Ste Genevieve, Missouri, the oldest town west of the Mississippi River

About an hour south of the famous Gateway Arch in St. Louis along the banks of the Mississippi is the small town of Ste Genevieve. It was named for the Patron Saint of Paris by the French Canadians who settled there in 1730’s. This town is older than New Orleans and the town citizens are proud to tell you that. The homes built in the Normandy French architecture style with vertical log walls and Norman truss roofs are an uncommon site. There are only five such homes left in the United States and three are in this town. There are also many homes and buildings of brick or stone. A visit to the memorial cemetery was unusual. The French, then Spanish ruled land was filled with ornate gravestones marking the dates and stating that the family members were emigrants from the United States. I had never seen that before. 

We took a bike ride on the Great River Road along the mighty Mississippi River. The bucolic farms and wineries that edge the river made for a nice ride. We were unable to cross to Illinois and continue to ride along the levee due to the ferry schedule and the weather conditions (it was a bit too windy.)  We were however able to purchase a bottle of dry white wine from the Ste Genevieve Winery. No drinking and pedaling…it was enjoyed later.   Our bed and breakfast location, The Southern Hotel, is quite unique. It dates back to 1790 and has been lovingly restored. Instead of signing a guest book, we added our names to a quilt. There are no showers, only hand painted cast iron claw foot tubs. Our room had an interesting headboard created by the owner. It is an homage to the painter Wysocki. By far, the best breakfast to date. We had cream cheese filled blueberry French toast, pears with cinnamon ice cream and a cream muffin. Now you understand why the bike ride was so necessary.      There is a nice art community in the town. Current artists’ work ranges from textiles and jewelry to fine art and diorama-making. Crossing into both time periods is a pewter smith shop. They make their own pewter and use molds that date back to the 17th century. They also have 21st century designed items. There are signs that the art community dates back several generations. The post office has a mural in the lobby which was painted by a local artist Martyl. And more murals on the brick wall of another town building.        Ste Genevieve is a charming town which offers a glimpse of history and a taste of today.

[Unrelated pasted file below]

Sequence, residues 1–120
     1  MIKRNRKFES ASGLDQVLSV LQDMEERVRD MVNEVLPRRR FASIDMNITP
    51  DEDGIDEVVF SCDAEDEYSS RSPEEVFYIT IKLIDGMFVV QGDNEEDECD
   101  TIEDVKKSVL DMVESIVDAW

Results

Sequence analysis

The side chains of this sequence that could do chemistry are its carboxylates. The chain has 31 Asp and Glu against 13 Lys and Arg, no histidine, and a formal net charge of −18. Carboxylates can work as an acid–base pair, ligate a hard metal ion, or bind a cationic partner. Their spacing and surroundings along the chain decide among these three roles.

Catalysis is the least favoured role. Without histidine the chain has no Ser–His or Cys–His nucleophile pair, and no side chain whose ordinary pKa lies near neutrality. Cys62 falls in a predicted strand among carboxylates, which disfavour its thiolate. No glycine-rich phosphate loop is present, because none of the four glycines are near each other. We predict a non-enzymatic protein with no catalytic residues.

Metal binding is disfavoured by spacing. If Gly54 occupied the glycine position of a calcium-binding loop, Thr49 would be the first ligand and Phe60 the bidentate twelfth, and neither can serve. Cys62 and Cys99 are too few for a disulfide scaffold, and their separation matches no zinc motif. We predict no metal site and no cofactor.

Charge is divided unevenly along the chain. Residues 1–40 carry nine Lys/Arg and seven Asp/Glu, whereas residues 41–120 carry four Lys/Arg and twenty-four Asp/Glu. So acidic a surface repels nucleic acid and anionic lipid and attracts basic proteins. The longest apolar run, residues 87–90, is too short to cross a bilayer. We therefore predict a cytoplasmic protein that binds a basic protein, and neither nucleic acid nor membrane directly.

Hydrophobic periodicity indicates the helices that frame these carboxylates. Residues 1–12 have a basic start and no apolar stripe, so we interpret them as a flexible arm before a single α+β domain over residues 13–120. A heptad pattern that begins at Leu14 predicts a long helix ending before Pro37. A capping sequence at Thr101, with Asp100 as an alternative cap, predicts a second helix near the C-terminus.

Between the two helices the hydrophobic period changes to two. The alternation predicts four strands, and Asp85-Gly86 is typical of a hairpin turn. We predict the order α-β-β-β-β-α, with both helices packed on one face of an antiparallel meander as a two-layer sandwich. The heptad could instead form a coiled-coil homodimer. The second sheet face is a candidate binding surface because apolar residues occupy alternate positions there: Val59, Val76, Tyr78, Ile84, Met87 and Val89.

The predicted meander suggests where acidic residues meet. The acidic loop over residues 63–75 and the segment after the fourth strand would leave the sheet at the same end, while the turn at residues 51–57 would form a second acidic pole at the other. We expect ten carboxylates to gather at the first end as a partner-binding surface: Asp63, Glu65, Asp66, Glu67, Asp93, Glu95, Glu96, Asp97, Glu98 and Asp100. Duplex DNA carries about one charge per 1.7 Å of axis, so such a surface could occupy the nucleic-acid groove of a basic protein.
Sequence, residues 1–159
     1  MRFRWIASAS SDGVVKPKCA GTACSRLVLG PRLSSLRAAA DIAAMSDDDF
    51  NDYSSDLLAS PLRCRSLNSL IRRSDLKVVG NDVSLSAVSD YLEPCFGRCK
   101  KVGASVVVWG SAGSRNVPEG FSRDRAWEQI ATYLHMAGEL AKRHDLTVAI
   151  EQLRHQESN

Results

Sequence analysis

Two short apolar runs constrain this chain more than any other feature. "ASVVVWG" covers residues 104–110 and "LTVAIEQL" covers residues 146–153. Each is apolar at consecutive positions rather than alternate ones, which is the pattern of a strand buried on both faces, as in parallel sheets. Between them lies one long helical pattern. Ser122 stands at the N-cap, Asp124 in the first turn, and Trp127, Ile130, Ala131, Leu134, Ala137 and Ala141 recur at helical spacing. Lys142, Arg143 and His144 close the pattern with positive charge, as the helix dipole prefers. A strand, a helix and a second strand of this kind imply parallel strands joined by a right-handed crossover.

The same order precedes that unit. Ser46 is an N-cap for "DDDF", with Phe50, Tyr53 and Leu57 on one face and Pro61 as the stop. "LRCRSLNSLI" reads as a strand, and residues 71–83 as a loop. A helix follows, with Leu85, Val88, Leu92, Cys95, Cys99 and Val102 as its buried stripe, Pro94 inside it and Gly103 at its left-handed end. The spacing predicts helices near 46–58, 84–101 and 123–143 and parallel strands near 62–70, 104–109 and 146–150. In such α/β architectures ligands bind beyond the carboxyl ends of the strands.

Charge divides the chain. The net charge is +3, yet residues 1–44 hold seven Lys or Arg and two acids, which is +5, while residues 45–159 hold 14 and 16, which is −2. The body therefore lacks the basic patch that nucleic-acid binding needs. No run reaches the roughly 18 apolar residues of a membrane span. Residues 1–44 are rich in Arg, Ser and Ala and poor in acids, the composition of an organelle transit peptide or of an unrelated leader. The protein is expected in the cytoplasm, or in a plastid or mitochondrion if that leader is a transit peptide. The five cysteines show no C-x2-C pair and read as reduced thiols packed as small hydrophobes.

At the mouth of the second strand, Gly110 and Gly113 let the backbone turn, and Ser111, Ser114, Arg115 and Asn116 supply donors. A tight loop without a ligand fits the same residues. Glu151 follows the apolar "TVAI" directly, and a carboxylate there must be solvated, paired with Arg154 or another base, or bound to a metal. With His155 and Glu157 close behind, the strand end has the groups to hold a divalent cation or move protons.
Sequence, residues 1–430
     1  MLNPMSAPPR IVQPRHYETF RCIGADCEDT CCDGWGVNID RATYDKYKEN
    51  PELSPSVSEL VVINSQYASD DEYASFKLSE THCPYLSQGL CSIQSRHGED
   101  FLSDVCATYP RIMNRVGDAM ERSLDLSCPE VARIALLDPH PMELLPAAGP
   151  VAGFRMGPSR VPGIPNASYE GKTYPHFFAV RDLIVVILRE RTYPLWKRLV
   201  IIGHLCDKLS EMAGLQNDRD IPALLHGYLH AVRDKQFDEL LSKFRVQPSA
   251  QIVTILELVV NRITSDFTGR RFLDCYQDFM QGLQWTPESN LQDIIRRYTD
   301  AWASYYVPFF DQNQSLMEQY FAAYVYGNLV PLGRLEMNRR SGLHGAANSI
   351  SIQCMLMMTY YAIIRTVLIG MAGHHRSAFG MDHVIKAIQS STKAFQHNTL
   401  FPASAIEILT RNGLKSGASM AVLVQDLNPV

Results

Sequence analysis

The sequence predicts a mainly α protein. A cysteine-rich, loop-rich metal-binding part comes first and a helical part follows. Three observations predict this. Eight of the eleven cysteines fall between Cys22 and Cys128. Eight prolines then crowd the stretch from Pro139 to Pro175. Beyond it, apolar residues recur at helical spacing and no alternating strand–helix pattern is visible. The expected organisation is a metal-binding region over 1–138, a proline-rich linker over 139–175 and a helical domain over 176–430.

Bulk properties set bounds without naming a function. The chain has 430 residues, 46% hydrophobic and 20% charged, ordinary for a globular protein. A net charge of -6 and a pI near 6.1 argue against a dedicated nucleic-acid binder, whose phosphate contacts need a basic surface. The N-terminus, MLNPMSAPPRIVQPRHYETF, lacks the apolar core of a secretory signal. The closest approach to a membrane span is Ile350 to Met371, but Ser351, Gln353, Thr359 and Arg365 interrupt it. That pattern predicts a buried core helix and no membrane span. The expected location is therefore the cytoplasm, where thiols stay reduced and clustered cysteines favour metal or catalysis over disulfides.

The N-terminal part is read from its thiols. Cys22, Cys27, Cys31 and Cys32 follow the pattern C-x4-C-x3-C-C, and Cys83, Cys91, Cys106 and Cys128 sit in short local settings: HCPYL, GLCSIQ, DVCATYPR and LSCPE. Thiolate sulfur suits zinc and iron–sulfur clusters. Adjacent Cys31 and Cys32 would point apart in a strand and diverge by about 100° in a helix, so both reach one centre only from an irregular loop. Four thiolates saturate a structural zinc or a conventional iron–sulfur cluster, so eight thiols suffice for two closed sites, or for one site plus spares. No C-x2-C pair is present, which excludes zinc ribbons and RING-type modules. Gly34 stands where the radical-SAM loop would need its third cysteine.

We departed passing more farms and wineries and crossed the river heading east into Chester, Illinois. This was purely an indulgent stop at the town welcome center. Chester, IL is where Popeye the sailor man is from. There is a statue there. “I yam what I yam”.      

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